I've been using a tube notcher and hole saws to cut my tubes without any trouble until now. But the first time I tried to cut a 34.9mm Niobium tube I was shocked at how hard the material was. I had a fresh Milwakee hole saw in my nother and it would hardly scratch the surface. I pushed so hard that I ended up damaging the tube. I could not get the saws to cut into the surface of this stuff even with really extreme amounts of force. I ended up damaging a downtube.

    I'm looking for some advice for cutting these harder materials. I'll probably go back to miter templates and hand grinding with files to be safe. I don't want to waste more precious tubes.

    Here is my setup. Please advise...
    tube notcher.jpg

    -Ken
    Any chance your drill was in reverse? Maybe bad holesaw? Is it 10tpi?
    Glenn Thompson
    "More Frame, less Seatpost"

  3. #3
    Join Date
    Feb 2009
    Location
    State College, PA
    Posts
    5,586
    Post Thanks / Like
    Mentioned
    2 Post(s)
    Tagged
    0 Thread(s)

    Default Re: Notching the fancier harder steel tubesets...

    When machine cutting heat treated tubes, rigidity is your friend.Tube notchers are not particularly rigid, and I can imagine things skipping/ chattering before a clean bite. Thin tubes can also deflect some as well as work harden.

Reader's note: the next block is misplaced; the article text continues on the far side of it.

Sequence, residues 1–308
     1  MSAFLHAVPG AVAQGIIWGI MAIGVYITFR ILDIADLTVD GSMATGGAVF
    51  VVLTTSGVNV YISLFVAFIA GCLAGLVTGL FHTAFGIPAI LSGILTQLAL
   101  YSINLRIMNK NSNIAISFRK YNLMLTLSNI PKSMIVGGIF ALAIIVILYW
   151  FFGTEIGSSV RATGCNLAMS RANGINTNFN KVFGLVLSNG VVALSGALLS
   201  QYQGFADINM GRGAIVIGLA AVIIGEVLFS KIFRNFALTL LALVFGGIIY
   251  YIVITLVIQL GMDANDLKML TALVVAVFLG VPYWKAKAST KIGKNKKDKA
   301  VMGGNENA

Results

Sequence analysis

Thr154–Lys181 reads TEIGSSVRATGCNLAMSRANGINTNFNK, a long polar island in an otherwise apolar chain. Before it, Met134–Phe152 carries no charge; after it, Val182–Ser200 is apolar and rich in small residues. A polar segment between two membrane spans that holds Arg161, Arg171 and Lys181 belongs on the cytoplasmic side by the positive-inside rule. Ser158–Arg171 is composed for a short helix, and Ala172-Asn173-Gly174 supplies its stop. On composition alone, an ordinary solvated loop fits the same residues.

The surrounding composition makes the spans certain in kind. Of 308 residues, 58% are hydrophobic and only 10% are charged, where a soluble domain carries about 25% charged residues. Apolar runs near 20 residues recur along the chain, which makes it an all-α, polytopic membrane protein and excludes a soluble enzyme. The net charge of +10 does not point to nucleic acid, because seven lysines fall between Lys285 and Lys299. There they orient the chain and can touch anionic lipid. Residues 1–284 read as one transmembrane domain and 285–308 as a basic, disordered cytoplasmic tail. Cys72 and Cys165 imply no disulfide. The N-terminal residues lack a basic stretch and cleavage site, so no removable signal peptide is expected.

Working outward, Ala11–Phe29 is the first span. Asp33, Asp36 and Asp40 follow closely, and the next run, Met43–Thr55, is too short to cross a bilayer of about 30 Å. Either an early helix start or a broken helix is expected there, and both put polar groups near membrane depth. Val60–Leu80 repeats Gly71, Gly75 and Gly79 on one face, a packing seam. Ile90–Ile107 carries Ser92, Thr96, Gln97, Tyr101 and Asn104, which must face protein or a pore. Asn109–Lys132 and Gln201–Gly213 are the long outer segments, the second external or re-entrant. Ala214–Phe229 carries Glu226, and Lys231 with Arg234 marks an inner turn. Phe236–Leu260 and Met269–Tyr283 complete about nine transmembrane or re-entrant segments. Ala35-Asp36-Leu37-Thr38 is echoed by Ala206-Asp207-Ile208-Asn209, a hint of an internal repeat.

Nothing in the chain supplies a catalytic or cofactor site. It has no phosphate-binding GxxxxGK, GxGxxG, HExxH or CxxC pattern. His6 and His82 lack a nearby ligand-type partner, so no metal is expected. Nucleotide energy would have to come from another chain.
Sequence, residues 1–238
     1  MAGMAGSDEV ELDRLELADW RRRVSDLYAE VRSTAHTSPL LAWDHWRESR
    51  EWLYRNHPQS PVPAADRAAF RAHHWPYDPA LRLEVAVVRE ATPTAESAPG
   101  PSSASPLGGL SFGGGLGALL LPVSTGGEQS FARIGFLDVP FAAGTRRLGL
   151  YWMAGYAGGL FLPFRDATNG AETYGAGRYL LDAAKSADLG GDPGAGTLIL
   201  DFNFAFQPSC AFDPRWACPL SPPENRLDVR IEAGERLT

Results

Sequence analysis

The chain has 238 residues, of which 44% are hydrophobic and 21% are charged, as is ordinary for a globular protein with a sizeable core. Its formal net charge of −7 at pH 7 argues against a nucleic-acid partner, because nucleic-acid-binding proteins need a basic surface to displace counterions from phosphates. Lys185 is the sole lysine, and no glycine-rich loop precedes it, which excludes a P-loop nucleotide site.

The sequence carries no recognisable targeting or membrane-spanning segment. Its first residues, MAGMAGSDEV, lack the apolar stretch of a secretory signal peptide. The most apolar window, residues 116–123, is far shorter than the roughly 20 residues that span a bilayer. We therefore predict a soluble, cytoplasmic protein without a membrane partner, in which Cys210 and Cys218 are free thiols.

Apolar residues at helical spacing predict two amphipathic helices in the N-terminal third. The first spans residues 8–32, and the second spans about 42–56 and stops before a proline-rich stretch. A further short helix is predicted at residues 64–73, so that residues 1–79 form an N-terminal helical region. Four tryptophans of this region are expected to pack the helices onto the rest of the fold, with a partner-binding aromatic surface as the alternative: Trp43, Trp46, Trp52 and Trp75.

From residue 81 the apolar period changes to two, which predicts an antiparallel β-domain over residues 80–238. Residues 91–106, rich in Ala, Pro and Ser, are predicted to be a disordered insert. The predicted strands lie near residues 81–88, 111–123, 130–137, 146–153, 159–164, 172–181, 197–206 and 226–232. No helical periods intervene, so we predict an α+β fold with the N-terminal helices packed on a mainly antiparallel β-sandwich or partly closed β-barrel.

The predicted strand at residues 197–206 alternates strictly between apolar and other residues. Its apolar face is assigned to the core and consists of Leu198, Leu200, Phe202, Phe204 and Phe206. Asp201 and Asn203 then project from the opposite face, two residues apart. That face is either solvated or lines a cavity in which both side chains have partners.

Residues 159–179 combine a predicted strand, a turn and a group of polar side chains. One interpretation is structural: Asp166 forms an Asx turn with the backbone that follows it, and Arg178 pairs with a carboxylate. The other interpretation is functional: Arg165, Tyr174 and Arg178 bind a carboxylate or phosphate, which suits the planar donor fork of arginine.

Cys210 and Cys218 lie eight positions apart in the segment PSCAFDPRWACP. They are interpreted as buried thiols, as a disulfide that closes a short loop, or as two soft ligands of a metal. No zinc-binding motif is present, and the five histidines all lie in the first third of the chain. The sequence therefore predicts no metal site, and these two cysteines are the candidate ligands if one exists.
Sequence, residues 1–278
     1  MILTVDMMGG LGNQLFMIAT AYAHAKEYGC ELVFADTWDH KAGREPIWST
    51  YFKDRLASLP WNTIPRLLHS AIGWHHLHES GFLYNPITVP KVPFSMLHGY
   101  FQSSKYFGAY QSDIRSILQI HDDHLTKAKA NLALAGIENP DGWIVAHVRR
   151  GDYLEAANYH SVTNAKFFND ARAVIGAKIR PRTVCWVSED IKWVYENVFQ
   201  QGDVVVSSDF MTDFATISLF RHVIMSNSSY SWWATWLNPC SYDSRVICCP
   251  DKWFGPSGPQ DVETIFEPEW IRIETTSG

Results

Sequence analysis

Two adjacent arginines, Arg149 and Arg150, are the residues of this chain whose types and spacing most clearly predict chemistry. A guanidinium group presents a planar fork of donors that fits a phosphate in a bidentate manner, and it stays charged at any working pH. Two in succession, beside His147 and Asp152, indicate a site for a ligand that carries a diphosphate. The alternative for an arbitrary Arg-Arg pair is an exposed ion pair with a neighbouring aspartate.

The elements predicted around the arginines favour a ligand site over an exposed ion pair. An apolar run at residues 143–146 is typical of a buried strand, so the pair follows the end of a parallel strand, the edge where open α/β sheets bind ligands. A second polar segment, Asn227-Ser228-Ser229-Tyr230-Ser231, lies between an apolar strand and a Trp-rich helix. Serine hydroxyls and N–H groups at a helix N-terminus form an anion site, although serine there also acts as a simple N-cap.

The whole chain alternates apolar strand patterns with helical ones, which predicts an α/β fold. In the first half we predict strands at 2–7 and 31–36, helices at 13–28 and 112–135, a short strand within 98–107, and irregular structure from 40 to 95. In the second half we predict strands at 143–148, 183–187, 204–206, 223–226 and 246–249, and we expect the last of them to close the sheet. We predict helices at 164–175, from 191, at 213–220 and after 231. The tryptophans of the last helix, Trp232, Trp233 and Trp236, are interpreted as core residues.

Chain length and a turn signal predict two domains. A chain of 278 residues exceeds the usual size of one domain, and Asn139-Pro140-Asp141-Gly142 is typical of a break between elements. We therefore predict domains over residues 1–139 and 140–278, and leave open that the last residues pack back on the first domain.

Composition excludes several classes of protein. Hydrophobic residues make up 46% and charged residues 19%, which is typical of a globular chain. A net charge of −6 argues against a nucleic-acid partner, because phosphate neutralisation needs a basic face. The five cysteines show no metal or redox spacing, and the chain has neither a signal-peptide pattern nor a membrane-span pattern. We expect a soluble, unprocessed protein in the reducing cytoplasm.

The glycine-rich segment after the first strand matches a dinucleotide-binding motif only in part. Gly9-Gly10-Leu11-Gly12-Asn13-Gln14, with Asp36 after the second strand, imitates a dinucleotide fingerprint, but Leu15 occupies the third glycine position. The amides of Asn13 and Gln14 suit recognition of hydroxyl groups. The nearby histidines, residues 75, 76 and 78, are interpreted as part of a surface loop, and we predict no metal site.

It looks like that is a hand drill- my guess is that it's moving too fast for the saw and cutter set up.

    I've pretty well landed on Lenox for my saws- I'll use others from time to time, but for the quality/ availability/ value, I have best luck with these. I've not used everything, but they are by no means all created equally.

    So- check your rotation speed, figure out how to get consistent feed, and quite possibly just ditch the notcher. If you are only building the occasional bike for fun, cutting these with a decent hacksaw and good files doesn't take that much time and can well be an enjoyable part of the process.

  4. #4
    Join Date
    May 2015
    Location
    Denver, CO
    Posts
    2
    Post Thanks / Like
    Mentioned
    0 Post(s)
    Tagged
    0 Thread(s)

    Default Re: Notching the fancier harder steel tubesets...

    Quote Originally Posted by Eric Estlund View Post
    When machine cutting heat treated tubes, rigidity is your friend.Tube notchers are not particularly rigid, and I can imagine things skipping/ chattering before a clean bite. Thin tubes can also deflect some as well as work harden.

    It looks like that is a hand drill- my guess is that it's moving too fast for the saw and cutter set up.